‘Preservation through production’ keeps letterpresses running at Hatch Show Print

The Nashville shop is marking its 138th birthday this year.
A record player
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Wall of posters available for purchase in Hatch’s retail store.

Ubiquitous construction cranes betray the undeniable fact that Music City is a modern boomtown, by some estimates adding 80 new residents each day.

Yet like any great city, Nashville is special for its rich history. Ryman Auditorium, opened in 1892, continues to host concerts, including two shows by Shovels and Rope while my family was there in mid-February.

The John Seigenthaler Pedestrian Bridge opened in 1909, the first bridge in North America to have concrete arched trusses. Although closed to vehicular traffic in 1998, the bridge, like the Ryman, survived talk of demolition and today connects downtown with Nissan Stadium, home to the NFL’s Tennessee Titans, across the Cumberland River.

Only blocks away from the bridge, a red-brick former trolley barn is home to Pinewood Social, a wide-open restaurant and bar that happens to have a six-lane vintage bowling alley in the back.

But nothing made as big an impression on me — pun intended, although I wasn’t the one who used it with our tour guides — as Hatch Show Print. Simply put, Hatch is a working museum, a letterpress poster shop that has been operating since 1879, adhering to the motto, “Preservation through production.”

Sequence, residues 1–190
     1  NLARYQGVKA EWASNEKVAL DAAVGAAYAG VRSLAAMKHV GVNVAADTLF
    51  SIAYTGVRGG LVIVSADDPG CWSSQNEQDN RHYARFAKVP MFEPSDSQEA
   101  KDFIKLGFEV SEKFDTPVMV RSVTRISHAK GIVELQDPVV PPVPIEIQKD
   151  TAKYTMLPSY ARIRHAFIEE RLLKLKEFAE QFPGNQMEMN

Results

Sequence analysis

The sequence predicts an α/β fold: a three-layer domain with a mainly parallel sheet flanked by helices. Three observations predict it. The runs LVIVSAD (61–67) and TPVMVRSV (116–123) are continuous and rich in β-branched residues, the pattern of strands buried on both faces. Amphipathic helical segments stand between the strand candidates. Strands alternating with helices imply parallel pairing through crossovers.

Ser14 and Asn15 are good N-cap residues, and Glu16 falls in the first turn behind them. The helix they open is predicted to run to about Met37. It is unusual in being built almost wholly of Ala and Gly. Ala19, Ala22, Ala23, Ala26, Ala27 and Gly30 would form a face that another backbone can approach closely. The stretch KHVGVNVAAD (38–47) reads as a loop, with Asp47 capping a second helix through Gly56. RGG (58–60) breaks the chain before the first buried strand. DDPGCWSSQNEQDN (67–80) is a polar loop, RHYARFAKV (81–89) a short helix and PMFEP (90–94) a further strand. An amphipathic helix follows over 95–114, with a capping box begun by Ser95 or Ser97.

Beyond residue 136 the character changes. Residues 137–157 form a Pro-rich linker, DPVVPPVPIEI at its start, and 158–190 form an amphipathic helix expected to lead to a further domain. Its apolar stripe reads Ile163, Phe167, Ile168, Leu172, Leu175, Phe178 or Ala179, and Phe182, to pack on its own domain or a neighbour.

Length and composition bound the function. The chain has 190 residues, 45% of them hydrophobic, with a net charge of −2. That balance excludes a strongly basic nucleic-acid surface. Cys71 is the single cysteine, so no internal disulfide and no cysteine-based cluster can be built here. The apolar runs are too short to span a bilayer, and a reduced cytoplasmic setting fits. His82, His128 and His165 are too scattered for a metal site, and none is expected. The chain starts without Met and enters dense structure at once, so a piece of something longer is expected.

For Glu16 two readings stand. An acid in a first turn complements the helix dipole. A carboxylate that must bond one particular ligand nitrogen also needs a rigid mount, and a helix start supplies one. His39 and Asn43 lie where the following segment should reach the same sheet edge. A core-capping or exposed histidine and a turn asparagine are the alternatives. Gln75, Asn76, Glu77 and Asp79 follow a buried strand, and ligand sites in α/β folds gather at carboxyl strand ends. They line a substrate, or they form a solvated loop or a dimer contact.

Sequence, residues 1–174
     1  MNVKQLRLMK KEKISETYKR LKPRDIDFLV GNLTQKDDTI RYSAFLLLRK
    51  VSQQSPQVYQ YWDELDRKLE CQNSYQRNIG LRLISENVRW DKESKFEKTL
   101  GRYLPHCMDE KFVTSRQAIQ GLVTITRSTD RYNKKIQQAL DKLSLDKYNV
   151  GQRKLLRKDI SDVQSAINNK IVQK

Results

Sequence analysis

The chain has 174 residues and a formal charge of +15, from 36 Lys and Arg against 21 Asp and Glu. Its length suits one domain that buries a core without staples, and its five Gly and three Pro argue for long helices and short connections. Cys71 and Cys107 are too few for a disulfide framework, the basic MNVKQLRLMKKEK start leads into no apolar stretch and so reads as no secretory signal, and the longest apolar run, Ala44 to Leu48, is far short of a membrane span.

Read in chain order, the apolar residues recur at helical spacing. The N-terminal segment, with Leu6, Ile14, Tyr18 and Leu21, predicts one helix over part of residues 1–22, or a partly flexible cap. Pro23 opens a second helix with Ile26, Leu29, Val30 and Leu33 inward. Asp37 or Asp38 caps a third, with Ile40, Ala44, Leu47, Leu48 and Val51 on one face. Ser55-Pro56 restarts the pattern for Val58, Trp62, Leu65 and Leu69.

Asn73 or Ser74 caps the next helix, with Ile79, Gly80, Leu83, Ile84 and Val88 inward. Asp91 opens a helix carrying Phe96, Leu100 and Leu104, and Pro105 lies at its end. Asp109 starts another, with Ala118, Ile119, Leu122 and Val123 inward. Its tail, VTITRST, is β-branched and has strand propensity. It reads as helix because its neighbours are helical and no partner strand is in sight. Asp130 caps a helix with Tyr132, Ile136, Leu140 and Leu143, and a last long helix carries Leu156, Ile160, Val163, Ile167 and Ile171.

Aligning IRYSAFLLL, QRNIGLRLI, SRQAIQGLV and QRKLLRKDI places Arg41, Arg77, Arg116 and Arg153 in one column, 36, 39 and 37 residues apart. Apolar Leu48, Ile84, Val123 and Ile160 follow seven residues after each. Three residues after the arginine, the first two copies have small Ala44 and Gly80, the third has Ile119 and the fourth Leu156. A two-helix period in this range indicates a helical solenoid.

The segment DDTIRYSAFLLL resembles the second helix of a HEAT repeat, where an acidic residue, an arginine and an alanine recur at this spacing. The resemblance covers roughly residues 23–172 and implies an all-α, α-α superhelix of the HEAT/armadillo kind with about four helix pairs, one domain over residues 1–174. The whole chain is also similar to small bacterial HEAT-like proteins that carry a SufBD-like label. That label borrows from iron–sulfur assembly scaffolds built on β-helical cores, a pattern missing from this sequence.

Hatch’s first print job actually was a handbill promoting an appearance by the Rev. Henry Ward Beecher, brother of the better known Harriet Beecher Stowe.

‘Hatch got the job done’

Hatch’s golden age, according to its website, was from the mid-1920s to 1952 and mirrored that of country music.

“Show posters created the excitement that sold the show, covering the sides of buildings and barns in cities and towns throughout the country. Whether circus, minstrel show, vaudeville act, or carnival, if you wanted to fill seats, Hatch got the job done.”

From 1952 to 1992, Hatch was behind Ryman Auditorium, aka “The mother church of country music” and the former long-time home of the Grand Ole Opry.


View into the production area, shelves of moveable type visible on the far wall.

Hands on

Since 2013, Hatch has operated in the lobby of the Country Music Hall of Fame and Museum building. Hatch comprises four distinct spaces: production shop, gallery, design and workshop (where tour-goers got to try our hands with a small letterpress run), and retail space filled with incredible posters and merchandise.

Letterpress is truly hands-on, from conception to completion. Wooden and metal letters and hand-carved images are locked into a press as a reverse image of what the final poster will look like and then inked. Sheets of paper, one at a time, are pressed onto the ink, transferring the image.

Anyone can place an order with Hatch — turnaround times vary — at a minimum quantity of 100 posters measuring a maximum size of 14 inches by 22 inches. Besides a $50 set-up fee, pricing is based on the number of colors: $4.75 per poster for one color, $5.95 for two colors, $6.95 for three colors.

Hatch has branched out, too, lending its talents to everything from CD, DVD and book cover designs to ice cream cartons.


Me, thrilled with having the opportunity to apply red ink to a Hatch Show mini-poster.

“As letterpress printers & designers, our goal is to protect this one-of-a-kind nonrenewable resource of type and imagery,” according to Hatch’s price guide.

Hatch truly is one of a kind, unlike those many cranes on Nashville’s skyline.


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